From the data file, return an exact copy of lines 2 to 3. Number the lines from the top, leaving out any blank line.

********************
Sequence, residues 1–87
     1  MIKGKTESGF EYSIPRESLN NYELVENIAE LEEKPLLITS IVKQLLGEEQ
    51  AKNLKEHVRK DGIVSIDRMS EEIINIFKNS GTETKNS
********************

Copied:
     1  MIKGKTESGF EYSIPRESLN NYELVENIAE LEEKPLLITS IVKQLLGEEQ
    51  AKNLKEHVRK DGIVSIDRMS EEIINIFKNS GTETKNS